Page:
The Zone - Volume 125
It’s the holiday Season. Do I always have to be happy?
For some, the holidays are full of excitement and wonder. Spending time with family and friends, searching for the exact right gift for special people in your life, holiday gathering with food and memories and the occasional Hallmark Movie that is guaranteed to have a beautiful ending. At the same time, we still have doctor’s appointments to attend, bills to be paid, not enough money to meet the expenses and the list of regular day life events that can go on and on. In fact, this past week we have attended two memorials for close colleagues, and another is being planned. Life is full of events that can impact our emotional well-being and this week the focus of The Zone will be discussing how our emotional intelligence can assist us with navigating the ups and downs that we all experience, even during the Holiday Season.
Emotional Intelligence is the ability to understand, use and manage your own emotions in positive ways. Its impact can be to reduce stress, communicate more effectively in empathizing with others and it can assist with overcoming challenges and defuse conflict. It also helps to build stronger relationships at home and at work, whether in-person or remote. Overall, it can assist with connecting with ones’ feelings and turn intentions into actions and make informed decisions.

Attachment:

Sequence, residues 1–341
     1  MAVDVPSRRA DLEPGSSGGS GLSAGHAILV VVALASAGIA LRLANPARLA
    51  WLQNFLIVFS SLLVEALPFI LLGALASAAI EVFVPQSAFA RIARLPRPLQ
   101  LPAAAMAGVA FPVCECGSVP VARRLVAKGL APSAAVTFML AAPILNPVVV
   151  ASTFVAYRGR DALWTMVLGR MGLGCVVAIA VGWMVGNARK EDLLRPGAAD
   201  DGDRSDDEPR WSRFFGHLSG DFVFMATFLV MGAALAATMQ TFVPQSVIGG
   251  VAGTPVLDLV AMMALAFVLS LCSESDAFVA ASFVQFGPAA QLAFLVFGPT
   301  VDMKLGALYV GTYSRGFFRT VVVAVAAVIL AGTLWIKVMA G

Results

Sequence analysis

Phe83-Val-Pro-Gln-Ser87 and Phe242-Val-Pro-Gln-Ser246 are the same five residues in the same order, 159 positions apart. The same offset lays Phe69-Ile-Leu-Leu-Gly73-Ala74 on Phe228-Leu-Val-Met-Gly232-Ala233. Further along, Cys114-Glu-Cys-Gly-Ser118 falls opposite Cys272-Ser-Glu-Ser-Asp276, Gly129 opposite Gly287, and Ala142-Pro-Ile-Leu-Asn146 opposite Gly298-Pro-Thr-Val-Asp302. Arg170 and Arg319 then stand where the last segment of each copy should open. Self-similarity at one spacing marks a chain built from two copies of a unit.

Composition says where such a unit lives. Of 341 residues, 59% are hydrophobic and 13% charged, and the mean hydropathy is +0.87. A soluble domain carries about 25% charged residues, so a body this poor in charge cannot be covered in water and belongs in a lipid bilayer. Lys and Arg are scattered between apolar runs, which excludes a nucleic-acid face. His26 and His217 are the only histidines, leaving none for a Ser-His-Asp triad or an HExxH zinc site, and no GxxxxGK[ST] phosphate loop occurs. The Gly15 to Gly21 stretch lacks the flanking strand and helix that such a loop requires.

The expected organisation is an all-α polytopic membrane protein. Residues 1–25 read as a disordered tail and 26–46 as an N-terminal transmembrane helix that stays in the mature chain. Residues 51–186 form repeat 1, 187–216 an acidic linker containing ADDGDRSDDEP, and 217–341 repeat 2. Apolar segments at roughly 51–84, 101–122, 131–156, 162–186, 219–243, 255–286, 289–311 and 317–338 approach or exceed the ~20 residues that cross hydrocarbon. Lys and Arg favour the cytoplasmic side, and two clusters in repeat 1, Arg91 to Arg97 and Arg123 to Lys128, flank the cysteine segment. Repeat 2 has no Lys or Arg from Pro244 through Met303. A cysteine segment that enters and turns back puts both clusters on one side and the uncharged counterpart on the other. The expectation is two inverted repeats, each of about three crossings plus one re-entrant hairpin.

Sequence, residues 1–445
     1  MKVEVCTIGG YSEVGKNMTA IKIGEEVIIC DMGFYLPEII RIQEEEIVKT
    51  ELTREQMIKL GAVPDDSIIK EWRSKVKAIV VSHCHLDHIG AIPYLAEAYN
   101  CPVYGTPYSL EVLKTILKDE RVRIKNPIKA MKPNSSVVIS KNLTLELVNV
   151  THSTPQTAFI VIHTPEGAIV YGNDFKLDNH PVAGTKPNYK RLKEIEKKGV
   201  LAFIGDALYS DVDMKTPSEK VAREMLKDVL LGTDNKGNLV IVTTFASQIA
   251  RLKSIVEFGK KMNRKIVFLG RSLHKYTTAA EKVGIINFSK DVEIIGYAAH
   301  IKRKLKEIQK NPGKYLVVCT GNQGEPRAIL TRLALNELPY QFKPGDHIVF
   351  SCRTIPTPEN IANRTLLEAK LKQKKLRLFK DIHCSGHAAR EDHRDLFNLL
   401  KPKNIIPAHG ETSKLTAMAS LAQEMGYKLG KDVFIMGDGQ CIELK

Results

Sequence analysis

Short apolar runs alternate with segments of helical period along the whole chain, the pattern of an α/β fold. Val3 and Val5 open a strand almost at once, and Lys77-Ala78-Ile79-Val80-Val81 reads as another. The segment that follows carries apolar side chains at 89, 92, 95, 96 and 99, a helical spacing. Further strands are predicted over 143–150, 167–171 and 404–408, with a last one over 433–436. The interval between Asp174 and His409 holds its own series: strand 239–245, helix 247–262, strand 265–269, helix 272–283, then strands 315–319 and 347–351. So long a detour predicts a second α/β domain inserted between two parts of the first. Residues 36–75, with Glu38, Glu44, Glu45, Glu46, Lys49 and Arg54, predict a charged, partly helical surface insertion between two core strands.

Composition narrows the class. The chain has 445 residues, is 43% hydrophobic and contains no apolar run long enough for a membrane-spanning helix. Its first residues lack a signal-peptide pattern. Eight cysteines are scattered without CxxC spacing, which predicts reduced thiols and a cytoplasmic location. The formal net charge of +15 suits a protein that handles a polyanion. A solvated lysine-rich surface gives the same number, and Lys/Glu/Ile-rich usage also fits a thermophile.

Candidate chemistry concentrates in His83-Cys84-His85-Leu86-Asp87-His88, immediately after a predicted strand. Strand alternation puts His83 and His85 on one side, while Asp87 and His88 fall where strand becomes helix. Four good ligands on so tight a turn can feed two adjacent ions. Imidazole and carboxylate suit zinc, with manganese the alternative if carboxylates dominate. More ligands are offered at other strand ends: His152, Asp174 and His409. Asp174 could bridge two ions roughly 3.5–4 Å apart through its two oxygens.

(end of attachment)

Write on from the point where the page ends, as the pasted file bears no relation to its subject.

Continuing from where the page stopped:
Effects of Emotional Intelligence
Increase in Quality of Performance
Enhanced Physical Health
Healthier Mental Health
Greater Social Intelligence
Developing our emotional intelligence is a life-long endeavor, unique to each of us. However, there are some basic general areas that we can identify to provide a good starting point and then move on from there.
Developing Emotional Intelligence
Build Social Awareness
For an excellent article that offers more specifics, please checkout:
50 tips for improving your emotional intelligence www.rochemartin.com
With practice it’s possible to develop or strengthen Emotional Intelligence.
Enhanced Emotional Intelligence is related to higher performance and overall psychological, physical and social well-being.
Enhanced Emotional Intelligence assists with the management of stress.
Take time to observe your emotions over the next few weeks.
Acknowledge your emotional triggers.
Take time for reflections and mindfulness.
Things to Limit
Thinking ahead of yourself.
Overloading yourself so that you do not have the capacity to connect your emotional self with your doing self.
Not paying attention to nonverbal communications.
Quote of the Week
“As more and more artificial intelligence is entering into the world, more and more emotional intelligence must enter into leadership”
While it is not possible to be happy all of the time, even during the holidays, it is possible to build on our emotional intelligence throughout our life so that we can genuinely enjoy ourselves.
Check our Welcome Greeting on YouTube
The paraDocs are Dr. Francis L. Battisti, PhD, Psychotherapist, Distinguished Psychology Professor and former Executive V.P and Chief Academic Officer and Dr. Helen E. Battisti PhD, RDN, CDN, Chief Nutrition Officer, at SpNOD, Health Promotion Specialist, Research and Clinical Registered Dietitian Nutritionist and former Assistant Professor.
We have developed "The ZONE", because that is exactly where you want to be during this pandemic. A place of focused attention to doing exactly what needs to be done to get you to where you need to be. The purpose of The Zone is to provide a nationally distributed weekly mental-health and nutrition tip-sheet during times of change.
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